Happy New Year!
I hope all of you had a safe new year’s celebration, and that you didn’t indulge too much and end up feeling awful yesterday morning. Thanks to an incoming winter storm, I spent New Year’s Eve at home alone again. The forecast stated that the snow would probably start around 10:00 on New Year’s Eve, but it didn’t start until 10:00 on New Year’s Day morning. So I could have gone over to see friends that evening, but alas, no. So I went home from work, baked a pizza, and watched the last two episodes of The Wheel of Time while ringing in the new year with friends on Discord.
Perhaps I’ll spend next New Year’s Eve with friends. We’ll see. There’s been a recent spell of bad weather on December 31st over the last several years, so I might be at home again next time.
As I mentioned earlier, it started snowing around 10:00AM yesterday. I went out for a walk an hour later, after it had time to collect. I didn’t stay out as long as I wanted to, as my camera gave me a few errors due to snow collecting on it (and I didn’t want to test the weather-sealing more than I needed to), and the -20°F windchill was hard on my legs. But I managed to get a few photographs that I liked, and had a great time out wandering about in the snow.
Obligatory Mina Photo:
Mina loves it when I go to the grocery store, as she always ends up with a paper bag to play in. Fortunately, Sidney doesn’t generally show much interest in playing in shopping bags, as he spends his days asleep on one of the beds next to the radiators.
But there was one day when I brought home three paper shopping bags. I set all three bags down in the living room. Both cats came in to investigate, and in a proper display of catlike behavior, both of them decided they wanted to be in the same bag. Two cats, three bags, and a skirmish erupted over one bag. I ended the argument by putting one cat in the bedroom (with a bag) and the other cat in the studio (with another bag). They both decided they didn’t want to play in the bags after that.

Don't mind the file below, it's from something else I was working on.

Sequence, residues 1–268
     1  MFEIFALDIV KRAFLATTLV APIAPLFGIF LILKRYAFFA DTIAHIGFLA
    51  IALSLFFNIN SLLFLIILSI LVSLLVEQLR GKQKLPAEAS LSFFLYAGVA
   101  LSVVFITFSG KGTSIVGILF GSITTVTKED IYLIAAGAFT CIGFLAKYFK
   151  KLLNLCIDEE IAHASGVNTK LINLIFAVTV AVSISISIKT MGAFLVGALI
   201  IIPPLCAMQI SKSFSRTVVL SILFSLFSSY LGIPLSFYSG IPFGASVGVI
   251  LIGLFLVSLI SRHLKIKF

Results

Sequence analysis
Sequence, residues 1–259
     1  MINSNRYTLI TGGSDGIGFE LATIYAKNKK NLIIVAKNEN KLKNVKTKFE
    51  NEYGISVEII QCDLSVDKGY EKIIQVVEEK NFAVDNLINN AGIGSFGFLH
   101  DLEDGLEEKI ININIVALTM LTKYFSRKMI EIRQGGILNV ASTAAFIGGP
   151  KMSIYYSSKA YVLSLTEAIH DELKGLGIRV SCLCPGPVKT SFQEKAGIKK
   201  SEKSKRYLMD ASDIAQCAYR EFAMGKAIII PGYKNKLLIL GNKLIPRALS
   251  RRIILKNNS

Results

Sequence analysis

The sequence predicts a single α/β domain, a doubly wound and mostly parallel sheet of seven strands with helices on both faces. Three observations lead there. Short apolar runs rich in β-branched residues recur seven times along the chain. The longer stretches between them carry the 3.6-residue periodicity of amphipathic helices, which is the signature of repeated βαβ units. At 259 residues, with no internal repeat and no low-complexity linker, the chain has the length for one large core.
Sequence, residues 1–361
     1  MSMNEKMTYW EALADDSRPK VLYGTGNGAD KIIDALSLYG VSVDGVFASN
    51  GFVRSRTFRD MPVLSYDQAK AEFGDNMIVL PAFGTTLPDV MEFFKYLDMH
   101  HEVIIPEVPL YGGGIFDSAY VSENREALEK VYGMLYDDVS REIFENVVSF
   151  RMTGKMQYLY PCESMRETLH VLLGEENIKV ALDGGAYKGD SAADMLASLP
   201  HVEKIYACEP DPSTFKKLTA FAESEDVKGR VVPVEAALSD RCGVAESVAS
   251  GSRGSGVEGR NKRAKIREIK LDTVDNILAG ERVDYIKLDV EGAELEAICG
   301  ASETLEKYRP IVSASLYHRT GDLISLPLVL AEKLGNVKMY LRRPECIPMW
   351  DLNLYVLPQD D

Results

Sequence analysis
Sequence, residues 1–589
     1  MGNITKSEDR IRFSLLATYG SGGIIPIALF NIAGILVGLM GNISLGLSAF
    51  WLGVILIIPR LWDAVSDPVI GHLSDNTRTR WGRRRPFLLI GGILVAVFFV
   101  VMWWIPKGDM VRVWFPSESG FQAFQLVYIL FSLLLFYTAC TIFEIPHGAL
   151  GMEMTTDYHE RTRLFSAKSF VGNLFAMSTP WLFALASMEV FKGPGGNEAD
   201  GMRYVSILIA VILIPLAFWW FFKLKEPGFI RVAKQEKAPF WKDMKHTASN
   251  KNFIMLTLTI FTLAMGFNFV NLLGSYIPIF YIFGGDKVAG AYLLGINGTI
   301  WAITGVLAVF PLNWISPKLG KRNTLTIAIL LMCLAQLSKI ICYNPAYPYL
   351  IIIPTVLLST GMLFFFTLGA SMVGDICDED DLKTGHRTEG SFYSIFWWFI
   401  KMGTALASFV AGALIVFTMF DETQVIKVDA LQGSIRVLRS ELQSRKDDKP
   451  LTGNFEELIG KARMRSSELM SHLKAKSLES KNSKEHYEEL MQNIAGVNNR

What I Finished Reading Last Week:
- Underland: A Deep Time Journey by Robert Macfarlane, audiobook narrated by Matthew Waterson
- The Lord of the Rings (Illustrated Edition) by J.R.R. Tolkien, illustrated by the author
- Shelf Life: Chronicles of a Cairo Bookseller by Nadia Wassef, audiobook narrated by Vaneh Assadourian
Underland is a gorgeously written look at the deep places of the world. Macfarlane travels to under-ocean mines, scientific laboratories located miles underground, the catacombs beneath Paris, and European caves where WWI and WWI battles were waged. He discusses fungal and tree root networks that are so hard to examine that humans didn’t know they existed until the past decade or two, and travels to Greenland to see melting glaciers that contain ice that’s tens of thousands of years old. In all of this, he talks about the fleeting human interactions humans have had with the underground and compares it to the deep time that caves and forests and glaciers reckon with, that human imaginations can barely comprehend.